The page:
Since then there have been there have been several more compilations -“Etched In Blue” in 1992, “Big Guns – The Very Best Of” in 2005, “The Essential” in 2008, and “Crest of a Wave” in 2009. So, why another now? Well, more recent releases such as “Blues” from 2019 and “Check Shirt Wizard” earlier this year seem to have sold well enough to prompt another compilation, no doubt helped by the fact that the earlier ones are now becoming hard to find.
This new “Best of” comes in a variety of shapes and sizes, with 30 tracks on the 2CD version. The track selection will look familiar to most Rory » Continue Reading.
With his fifth book in as many years, its apparent that Hepworth’s mix of opinionated argument underwritten by detailed research topped up with some good natured mocking of his subjects is proving popular. This time, Hep turns sets his sights on the ebb and flow of how British musicians changed American music but in turn how the biggest market in the world changed them.
For serious fans Hepworth’s research may not be breaking any new ground but the fun comes from how he stitches it all together, and focusing on just one artist is an oversubscribed market. Yes, there’s all the stuff we’ve heard before about the Beatles on the Ed Sullivan show, how Brian Jones wanted to be called Elmo, but as familiar as this might be, it’s the picture that Hepworth paints around them that makes it an engaging read.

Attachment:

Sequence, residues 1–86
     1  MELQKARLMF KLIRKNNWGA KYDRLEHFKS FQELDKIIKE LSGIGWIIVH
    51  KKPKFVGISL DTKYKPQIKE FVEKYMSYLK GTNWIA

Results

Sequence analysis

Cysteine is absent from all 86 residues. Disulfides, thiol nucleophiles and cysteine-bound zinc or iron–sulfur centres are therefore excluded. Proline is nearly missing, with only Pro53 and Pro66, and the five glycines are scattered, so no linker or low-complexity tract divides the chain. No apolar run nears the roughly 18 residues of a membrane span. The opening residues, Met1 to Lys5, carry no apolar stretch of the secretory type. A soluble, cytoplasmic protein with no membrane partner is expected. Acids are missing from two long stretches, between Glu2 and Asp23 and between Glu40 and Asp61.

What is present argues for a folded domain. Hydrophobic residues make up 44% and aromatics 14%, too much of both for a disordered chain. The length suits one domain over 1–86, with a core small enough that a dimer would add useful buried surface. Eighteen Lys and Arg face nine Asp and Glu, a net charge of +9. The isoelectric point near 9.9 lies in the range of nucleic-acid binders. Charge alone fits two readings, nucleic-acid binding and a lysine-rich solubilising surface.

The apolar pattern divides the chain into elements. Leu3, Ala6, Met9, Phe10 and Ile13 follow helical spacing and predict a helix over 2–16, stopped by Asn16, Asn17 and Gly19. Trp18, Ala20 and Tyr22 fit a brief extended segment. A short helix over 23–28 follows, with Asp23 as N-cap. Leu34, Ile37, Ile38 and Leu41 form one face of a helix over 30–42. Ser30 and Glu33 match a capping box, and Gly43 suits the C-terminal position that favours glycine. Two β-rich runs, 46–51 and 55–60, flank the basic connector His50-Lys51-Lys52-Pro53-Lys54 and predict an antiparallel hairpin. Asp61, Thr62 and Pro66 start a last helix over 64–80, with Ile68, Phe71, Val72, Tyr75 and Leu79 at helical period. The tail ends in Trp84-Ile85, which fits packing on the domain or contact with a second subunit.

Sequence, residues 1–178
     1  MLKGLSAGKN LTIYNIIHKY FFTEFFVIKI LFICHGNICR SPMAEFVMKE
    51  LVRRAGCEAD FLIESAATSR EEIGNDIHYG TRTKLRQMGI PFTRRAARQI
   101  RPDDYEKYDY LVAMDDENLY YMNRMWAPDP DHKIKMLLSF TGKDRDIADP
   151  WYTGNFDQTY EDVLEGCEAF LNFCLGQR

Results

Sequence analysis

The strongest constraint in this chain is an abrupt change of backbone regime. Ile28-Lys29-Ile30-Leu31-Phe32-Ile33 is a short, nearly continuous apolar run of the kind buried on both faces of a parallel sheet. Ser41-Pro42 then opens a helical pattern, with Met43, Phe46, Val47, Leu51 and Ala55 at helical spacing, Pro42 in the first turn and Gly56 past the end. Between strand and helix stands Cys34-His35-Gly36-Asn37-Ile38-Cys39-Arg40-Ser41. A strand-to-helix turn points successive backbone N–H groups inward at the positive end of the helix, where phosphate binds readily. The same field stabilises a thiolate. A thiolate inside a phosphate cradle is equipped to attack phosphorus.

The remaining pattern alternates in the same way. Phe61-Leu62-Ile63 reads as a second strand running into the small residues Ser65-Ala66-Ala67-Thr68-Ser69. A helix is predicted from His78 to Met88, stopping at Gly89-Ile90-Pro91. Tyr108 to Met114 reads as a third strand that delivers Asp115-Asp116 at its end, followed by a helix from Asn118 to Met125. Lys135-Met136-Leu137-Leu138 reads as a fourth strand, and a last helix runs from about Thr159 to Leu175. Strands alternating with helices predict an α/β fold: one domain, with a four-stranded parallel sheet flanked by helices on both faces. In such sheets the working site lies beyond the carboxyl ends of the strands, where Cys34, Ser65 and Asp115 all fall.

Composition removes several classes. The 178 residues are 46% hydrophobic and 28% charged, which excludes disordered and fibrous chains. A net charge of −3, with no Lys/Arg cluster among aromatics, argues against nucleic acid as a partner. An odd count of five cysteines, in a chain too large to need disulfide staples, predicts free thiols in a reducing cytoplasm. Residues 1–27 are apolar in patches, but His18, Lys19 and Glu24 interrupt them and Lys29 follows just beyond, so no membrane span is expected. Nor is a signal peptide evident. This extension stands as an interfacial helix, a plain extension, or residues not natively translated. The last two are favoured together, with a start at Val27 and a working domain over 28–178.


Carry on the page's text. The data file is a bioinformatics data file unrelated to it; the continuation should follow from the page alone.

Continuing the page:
Starting from the premise that British groups gave the US the first real “bands”, replacing all the “Bobbies” that were at the top of the US charts at the time (Vee, Rydell, Vinton, Goldsboro, Darin), he manages to knit this to how The Dave Clark Five’s (leader Dave “untroubled by modesty from an early age”) barrack » Continue Reading.
The success of Adam Kay’s “This Is Going To Hurt” (more than a year topping most book charts, TV series etc) has had publishers eagerly looking out for a successor, and the 14 way auction for the rights to “Anti-Social” suggests they thought they had found one.
You can see why. Author Nick Pettigrew was a 15 year veteran Anti-Social Behaviour Officer, a stand-up comedian with two Edinburgh Festival shows behind him and published in the Daily Telegraphy the Daily Mash. Ker-ching.
Pettigrew tries to tread a tightrope between looking for laughs in the absurdity of his day to day case load, and the innate misery and anguish that he and so many of his clients face. Unfortunately for my money he mostly falls off. So often, it just feels he’s trying too hard to milk laughs out of something that in so many respects just isn’t funny, relying on metaphors that feel strained and a distraction.